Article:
The head of the TTC is ready to push personally for more transit funding, laying out his plan for the next five years and saying he will start “banging the table” at the provincial and federal governments.
In a blunt speech followed by blunter comments to reporters, transit CEO Andy Byford bemoaned the political system in Toronto.
“It’s certainly a challenge,” he told reporters. “I’m dealing with 45 different opinions [in council].”
Mr. Byford spoke Monday at the Empire Club of Canada, saying that the current level of funding will not support expected growth. He pleaded for “political support,” more money and a free hand to remake the transit service for the future.
The speech was a shift into overt advocacy for Mr. Byford, who has tended to keep his head down amid increasingly polarized debate at city hall over transit.
“I’m going to keep banging that drum for sustained funding and I’m going to keep banging the drum that we need to expand capacity in this city,” he told reporters.
“What I should be doing is walking down to Queen’s Park. I should be getting on a train to Ottawa and I should be lobbying, probably with politicians, with people like the CEO of Metrolinx, I should be banging the table for sustained and sustainable funding. That’s what I intend to do. But I just need to get the TTC working well in the interim.”
In his address, he promised a new corporate plan laying out goals for the next five years, including a change in corporate culture and greater focus on high-quality staff. Specifics in the plan included a move toward one-person staffing of subway trains and an end to fare collectors in subway stations.
But he warned that the transit service is facing an increasing challenge: carrying ever-more riders at current funding rates. “The TTC simply cannot continue to accommodate millions more rides without an affordable increase in subsidy,” he told the lunchtime crowd.
Mayor Rob Ford insists that the public should not be asked to bear the cost of increased transit, arguing instead for private-sector support and smarter spending of existing government revenues. Although he warned that finding efficiencies will not be enough, Mr. Byford would not be drawn on whether Toronto had the right mayor to lead the transit file.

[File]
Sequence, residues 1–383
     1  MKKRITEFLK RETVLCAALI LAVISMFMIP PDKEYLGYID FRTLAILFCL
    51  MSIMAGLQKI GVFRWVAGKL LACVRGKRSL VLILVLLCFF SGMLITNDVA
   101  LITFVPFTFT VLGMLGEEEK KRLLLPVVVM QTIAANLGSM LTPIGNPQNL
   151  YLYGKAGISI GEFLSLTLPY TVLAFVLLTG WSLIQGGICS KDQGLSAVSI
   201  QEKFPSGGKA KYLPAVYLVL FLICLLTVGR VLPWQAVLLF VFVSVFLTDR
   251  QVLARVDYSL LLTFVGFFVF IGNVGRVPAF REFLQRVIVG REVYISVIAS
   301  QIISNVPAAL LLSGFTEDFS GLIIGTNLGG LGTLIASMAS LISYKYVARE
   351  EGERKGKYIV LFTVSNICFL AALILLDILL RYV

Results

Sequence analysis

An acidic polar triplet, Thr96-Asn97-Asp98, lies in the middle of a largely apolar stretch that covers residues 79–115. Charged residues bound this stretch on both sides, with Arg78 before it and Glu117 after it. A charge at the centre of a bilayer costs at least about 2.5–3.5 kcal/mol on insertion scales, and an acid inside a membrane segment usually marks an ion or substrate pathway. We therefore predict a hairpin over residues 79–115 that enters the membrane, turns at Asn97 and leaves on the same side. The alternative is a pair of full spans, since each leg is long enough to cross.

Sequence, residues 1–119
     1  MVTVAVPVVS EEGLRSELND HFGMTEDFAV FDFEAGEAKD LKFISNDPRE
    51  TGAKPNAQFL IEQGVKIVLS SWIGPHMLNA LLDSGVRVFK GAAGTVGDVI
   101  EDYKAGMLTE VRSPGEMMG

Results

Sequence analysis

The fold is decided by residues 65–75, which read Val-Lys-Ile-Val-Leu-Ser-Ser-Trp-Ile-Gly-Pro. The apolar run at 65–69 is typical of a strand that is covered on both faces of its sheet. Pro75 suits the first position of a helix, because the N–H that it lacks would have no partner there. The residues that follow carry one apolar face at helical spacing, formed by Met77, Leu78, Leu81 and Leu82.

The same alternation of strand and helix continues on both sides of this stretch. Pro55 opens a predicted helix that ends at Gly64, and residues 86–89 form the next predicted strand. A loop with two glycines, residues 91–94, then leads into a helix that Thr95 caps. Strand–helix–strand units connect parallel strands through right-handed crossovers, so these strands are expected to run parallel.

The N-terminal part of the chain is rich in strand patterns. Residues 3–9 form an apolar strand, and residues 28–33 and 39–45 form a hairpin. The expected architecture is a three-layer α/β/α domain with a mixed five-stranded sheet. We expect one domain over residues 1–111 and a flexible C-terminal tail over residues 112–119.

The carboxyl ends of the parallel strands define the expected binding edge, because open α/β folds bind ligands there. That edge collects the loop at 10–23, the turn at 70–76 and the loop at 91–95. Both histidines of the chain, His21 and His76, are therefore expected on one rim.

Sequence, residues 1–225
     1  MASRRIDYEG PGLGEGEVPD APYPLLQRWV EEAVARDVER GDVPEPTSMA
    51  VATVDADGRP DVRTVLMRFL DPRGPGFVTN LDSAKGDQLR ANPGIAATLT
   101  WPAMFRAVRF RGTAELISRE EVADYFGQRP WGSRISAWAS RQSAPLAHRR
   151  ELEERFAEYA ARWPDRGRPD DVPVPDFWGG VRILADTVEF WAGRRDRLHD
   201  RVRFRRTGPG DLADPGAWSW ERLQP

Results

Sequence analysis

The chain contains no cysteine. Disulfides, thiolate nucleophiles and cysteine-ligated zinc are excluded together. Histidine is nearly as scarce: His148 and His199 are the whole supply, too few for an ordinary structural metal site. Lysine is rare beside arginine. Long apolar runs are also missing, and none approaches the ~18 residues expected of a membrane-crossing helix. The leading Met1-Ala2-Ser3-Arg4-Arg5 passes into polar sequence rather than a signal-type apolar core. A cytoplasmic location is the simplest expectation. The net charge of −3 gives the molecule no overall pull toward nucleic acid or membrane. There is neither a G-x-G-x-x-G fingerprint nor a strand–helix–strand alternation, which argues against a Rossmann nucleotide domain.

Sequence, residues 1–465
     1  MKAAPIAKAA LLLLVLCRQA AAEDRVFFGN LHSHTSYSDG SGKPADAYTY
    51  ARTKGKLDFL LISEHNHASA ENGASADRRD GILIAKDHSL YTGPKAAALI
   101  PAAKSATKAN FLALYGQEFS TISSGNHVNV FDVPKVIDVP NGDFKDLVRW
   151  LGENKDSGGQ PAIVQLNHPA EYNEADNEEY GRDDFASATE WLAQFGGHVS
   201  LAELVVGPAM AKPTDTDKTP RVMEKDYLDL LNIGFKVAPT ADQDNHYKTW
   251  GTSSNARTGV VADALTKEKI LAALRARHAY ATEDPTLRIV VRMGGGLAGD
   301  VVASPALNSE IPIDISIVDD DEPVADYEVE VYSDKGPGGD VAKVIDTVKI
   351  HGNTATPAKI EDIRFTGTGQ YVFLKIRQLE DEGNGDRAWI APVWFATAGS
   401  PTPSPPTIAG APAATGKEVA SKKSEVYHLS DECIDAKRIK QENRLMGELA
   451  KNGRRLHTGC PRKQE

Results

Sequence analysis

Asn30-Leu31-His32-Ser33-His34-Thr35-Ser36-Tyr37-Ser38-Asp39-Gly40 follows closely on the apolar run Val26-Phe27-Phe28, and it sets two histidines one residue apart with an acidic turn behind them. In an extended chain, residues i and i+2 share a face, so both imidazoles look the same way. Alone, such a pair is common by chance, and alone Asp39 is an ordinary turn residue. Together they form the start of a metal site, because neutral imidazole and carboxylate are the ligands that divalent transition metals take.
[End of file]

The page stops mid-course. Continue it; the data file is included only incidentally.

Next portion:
“I’m not going to get involved in the politics,” he told reporters. He did say that Mr. Ford had recognized the importance of a downtown relief line taking pressure off the Yonge subway.
In his remarks, he acknowledged the rancorous debates at city hall. He referenced constantly changing council priorities in a joking aside to TTC Chair Karen Stintz, who was at the head table with him, while discussing the conversion of the Scarborough RT to an LRT: “That’s the current plan, right?”
He accepted that the transit agency needs more allies on council to bring about the sort of evolution he wants.
“To deliver this sea change, I need political support and freedom to do what needs to be done,” he said. “In Karen Stintz, I have a boss that gives me both. But that support needs to come from across council and the TTC needs to work on regaining the trust of our elected officials.”
At city hall, Councillor Doug Ford, the brother of the mayor, was asked if he had any problem with Mr. Byford being so complimentary of Ms. Stintz.
“You know something, Andy Byford supports the mayor, too, just as much as [he supports] Karen Stintz,” Mr. Ford said. “He’s caught in the middle.”
Mr. Byford has seen first-hand the effect of getting trapped between warring politicians. He came into the transit agency as a subordinate to then TTC head Gary Webster, only to be thrust into the top spot after Mr. Webster fell afoul of Mr. Ford. He has watched transit serve as a piñata for hostile politicians. Last week he saw council turn a debate over transit funding into a parade of councillors demanding expensive pet projects for their own wards.
With a report from Sunny Dhillon